The fatal collision between the USS John S. McCain and the tanker Alnic MC in August 2017 was caused by insufficient training, inadequate bridge operating procedures and a lack of operational oversight, according to findings released by the National Transportation Safety Board (NTSB).

Ten sailors aboard the John S. McCain died in the accident and 48 were injured when the ships collided in the Middle Channel passage of the Singapore Strait traffic separation scheme (TSS). There were no injuries to the crew of the Alnic MC.

The NTSB report said that the collision happened when the McCain, an Arleigh Burke-class destroyer with a crew of 280, and the Alnic MC, a Liberian-flagged chemical tanker carrying a partial load of cargo with a crew of 24, were transiting towards Singapore in the westbound lane of the Singapore Strait TSS. The Singapore Strait is one of the busiest waterways in the world, with more than 83,700 vessels of more than 300 gross tons transiting the strait in 2016.

The NTSB determined the probable cause of the collision was a lack of effective operational oversight of the destroyer by the U.S. Navy, which resulted in insufficient training and inadequate bridge operating procedures. Contributing to the accident were the John S. McCain bridge team’s loss of situation awareness and failure to follow loss-of-steering-emergency procedures, including the requirement to inform nearby vessel traffic of their perceived loss of steering. Also contributing to the accident was the operation of the steering system in backup manual mode, which allowed for an unintentional, unilateral transfer of steering control.

Accident timeline

The twin-propeller destroyer was on the outside (northern side) of the TSS lane, making a speed of about 18 knots and overtaking several slower commercial vessels that were also transiting westbound in the TSS. A single crew member was at the helm of the ship, controlling both steering and propeller thrust from the helm operator position at the ship control console (SCC), as ordered by an officer assigned to control maneuvering of the ship.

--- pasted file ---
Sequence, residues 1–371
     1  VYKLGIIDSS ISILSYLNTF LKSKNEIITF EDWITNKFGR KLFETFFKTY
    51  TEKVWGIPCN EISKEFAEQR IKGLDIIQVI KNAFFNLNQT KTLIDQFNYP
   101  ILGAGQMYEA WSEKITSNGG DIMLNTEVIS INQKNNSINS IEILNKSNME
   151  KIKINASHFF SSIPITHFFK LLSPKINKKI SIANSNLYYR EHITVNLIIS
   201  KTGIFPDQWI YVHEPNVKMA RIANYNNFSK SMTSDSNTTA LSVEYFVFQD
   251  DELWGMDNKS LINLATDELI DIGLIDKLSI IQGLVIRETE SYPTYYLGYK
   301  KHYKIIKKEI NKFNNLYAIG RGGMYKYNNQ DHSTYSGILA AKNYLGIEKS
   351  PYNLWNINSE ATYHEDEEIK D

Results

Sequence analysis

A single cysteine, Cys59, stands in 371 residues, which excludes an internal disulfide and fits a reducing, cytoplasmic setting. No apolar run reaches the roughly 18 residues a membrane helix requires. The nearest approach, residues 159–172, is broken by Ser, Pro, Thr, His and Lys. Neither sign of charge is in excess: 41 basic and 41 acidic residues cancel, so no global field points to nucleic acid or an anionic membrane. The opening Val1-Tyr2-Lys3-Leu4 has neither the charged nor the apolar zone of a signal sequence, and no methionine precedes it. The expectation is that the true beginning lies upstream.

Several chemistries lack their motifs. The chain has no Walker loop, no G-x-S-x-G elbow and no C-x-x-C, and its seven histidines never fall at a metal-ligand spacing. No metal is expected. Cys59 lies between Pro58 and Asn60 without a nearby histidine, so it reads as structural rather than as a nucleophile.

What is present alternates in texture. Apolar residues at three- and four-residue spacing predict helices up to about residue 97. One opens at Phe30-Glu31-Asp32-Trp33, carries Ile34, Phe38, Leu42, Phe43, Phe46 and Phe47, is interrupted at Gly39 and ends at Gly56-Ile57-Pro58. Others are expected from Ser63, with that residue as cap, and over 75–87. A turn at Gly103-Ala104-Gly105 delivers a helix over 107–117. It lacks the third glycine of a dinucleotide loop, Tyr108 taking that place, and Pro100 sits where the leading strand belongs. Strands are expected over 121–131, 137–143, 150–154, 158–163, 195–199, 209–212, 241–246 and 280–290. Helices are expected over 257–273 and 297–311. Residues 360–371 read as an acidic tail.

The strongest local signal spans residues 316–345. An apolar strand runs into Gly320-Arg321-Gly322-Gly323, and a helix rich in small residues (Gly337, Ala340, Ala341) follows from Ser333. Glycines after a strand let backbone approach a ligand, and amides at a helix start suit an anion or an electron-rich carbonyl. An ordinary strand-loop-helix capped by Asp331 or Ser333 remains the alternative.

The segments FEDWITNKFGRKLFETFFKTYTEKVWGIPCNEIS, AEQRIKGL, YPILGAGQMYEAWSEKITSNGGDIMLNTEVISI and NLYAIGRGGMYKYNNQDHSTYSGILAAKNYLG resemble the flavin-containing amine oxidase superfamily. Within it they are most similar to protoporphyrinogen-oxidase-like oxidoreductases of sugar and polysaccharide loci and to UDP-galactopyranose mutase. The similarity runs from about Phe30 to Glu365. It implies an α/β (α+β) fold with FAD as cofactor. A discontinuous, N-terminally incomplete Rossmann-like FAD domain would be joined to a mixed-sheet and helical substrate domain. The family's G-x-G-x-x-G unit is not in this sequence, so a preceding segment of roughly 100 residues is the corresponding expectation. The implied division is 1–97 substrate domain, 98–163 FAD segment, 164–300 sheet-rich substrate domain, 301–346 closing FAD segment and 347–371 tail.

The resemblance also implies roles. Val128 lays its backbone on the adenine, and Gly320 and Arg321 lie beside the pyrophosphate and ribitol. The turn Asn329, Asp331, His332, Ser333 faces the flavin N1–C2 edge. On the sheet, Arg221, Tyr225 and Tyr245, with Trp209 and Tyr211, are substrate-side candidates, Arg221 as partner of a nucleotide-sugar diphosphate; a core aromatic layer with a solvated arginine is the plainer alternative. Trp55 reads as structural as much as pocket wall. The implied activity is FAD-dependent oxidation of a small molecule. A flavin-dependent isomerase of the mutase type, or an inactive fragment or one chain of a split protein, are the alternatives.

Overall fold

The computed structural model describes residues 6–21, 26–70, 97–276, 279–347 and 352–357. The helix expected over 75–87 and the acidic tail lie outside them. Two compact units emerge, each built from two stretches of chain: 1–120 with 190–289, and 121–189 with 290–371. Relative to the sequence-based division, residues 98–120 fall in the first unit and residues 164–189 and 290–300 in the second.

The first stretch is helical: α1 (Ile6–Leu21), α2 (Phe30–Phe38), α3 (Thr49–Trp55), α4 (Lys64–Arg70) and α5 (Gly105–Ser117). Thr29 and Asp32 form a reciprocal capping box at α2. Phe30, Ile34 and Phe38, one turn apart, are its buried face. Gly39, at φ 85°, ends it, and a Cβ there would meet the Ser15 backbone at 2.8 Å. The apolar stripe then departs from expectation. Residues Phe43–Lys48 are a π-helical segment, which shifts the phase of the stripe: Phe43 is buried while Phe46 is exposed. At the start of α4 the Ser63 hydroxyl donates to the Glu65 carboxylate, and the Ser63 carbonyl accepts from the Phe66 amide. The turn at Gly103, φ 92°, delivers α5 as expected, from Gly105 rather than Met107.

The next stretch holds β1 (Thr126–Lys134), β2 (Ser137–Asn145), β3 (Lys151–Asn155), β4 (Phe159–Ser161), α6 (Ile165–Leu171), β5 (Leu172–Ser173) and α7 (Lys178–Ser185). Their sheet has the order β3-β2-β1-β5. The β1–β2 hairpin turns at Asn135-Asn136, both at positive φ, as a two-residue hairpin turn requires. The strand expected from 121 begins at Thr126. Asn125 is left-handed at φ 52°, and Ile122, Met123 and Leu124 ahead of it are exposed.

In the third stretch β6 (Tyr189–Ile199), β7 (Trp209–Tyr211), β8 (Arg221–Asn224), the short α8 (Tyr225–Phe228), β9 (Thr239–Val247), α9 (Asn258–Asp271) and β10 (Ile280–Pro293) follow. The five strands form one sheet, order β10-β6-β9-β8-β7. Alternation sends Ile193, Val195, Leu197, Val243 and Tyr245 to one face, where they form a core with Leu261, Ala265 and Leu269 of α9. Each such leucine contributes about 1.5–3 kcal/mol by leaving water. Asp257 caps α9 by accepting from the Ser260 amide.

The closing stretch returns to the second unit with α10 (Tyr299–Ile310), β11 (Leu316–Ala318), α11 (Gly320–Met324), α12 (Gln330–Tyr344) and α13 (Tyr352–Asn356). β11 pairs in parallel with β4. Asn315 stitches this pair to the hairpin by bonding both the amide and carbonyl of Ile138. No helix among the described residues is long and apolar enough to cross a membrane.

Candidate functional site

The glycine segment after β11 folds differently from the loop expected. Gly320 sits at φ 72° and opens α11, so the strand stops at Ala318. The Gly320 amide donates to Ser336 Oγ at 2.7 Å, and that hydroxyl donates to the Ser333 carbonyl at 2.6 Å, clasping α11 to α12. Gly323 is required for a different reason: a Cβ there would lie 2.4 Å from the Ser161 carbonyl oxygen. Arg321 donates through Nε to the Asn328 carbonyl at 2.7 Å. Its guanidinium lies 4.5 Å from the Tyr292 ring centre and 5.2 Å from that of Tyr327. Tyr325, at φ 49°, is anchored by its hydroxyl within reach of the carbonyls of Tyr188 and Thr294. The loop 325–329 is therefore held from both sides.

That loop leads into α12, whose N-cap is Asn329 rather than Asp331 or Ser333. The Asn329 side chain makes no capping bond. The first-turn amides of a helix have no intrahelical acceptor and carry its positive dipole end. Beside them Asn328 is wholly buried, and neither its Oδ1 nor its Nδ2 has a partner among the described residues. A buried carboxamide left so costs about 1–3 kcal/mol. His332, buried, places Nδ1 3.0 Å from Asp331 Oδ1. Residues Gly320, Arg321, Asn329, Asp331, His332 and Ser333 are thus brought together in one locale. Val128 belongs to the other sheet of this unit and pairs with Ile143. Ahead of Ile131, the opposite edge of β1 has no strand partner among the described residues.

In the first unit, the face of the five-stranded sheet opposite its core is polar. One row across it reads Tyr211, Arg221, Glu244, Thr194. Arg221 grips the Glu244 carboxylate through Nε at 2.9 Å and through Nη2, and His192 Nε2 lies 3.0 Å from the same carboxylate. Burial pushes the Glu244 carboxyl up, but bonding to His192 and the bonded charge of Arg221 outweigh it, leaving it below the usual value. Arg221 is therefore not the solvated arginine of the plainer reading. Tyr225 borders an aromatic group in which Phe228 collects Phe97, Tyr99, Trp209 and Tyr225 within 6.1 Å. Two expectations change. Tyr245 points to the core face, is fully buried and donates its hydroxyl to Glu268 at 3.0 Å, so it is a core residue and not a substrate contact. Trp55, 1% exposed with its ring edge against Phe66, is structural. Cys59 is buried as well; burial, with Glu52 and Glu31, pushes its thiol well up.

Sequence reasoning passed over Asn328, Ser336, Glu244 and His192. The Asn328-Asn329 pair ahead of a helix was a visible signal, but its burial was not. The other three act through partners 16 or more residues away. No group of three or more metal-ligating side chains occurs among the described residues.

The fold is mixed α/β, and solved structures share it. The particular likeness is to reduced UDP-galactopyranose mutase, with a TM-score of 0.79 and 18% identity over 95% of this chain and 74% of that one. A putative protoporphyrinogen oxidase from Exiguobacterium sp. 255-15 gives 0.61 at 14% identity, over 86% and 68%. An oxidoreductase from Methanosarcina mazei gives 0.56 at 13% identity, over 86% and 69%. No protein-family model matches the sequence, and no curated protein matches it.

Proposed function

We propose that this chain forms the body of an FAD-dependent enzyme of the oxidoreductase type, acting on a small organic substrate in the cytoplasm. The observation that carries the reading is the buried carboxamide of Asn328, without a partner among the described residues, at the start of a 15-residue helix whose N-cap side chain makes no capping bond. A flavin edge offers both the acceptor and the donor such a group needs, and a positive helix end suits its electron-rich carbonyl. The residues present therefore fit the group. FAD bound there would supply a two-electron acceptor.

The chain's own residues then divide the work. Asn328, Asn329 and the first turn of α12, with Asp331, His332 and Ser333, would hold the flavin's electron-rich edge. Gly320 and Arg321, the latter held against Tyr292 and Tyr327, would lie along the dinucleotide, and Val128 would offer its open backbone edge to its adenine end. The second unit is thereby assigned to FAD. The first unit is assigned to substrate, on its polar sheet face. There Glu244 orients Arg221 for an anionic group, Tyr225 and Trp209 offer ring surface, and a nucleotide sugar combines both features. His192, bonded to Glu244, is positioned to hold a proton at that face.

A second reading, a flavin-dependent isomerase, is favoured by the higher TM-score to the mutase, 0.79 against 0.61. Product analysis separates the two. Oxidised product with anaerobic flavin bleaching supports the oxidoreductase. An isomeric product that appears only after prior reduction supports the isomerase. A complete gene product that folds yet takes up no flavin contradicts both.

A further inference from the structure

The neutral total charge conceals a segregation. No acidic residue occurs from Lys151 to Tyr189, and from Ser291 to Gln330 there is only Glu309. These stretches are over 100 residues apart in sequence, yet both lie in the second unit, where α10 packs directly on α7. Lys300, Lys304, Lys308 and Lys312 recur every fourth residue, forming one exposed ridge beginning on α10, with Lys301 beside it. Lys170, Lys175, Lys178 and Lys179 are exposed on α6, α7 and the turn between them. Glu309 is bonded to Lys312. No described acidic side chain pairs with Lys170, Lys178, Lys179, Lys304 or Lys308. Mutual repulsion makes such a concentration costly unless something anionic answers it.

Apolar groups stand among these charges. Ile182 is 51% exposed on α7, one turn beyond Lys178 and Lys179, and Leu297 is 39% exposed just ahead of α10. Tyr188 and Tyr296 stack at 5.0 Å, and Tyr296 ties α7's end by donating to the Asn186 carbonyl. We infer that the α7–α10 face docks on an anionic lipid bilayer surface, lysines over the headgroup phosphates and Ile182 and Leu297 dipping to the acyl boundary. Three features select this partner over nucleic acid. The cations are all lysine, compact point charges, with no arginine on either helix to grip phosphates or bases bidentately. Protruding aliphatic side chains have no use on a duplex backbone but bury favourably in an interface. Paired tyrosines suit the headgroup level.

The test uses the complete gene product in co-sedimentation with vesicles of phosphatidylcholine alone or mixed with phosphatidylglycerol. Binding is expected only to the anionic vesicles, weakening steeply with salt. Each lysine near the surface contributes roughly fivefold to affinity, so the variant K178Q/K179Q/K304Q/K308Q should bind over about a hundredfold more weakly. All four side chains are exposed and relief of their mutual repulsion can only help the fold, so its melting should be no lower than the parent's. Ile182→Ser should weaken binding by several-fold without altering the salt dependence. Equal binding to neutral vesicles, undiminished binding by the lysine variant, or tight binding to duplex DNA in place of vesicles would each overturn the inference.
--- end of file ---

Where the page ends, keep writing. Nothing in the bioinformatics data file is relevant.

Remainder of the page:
Damage to the USS John S McCain following the August 2017 accident. Source: U.S. Navy photo by Mass Communication Specialist 2nd Class Joshua FultonDamage to the USS John S McCain following the August 2017 accident. Source: U.S. Navy photo by Mass Communication Specialist 2nd Class Joshua FultonAt 5:20 a.m., the McCain's commanding officer, who was on the bridge, thought that the helmsman might become overwhelmed responding to steering and thrust commands as the ship maneuvered in the busy shipping lane. He ordered a second watchstander — a lee helmsman — to take over responsibility for controlling the ship’s propeller thrust.

Once the lee helmsman was in place, the controls for thrust had to be transferred from the helm station to the lee helm station on the SCC. The controls for each propeller had to be shifted one at a time, so the watchstanders began by transferring control of the port propeller at 5:21 a.m.

The NTSB said that soon after control of the port thrust had been transferred to the lee helm station, the helmsman reported that he had lost control of steering. Without steering control, he could not maintain the McCain’s heading and the vessel began to slowly turn to port. The loss of steering was announced over the destroyer’s public address system, and crew members moved to the vessel’s aft steering compartment while the bridge watch team attempted to regain control on the bridge.

About a minute later, according to the accident report, control of the starboard propeller thrust was transferred to the lee helm station. Soon after, the commanding officer directed the watch team to slow the ship. The officer of the deck ordered the speed reduced to 10 knots and then to 5 knots.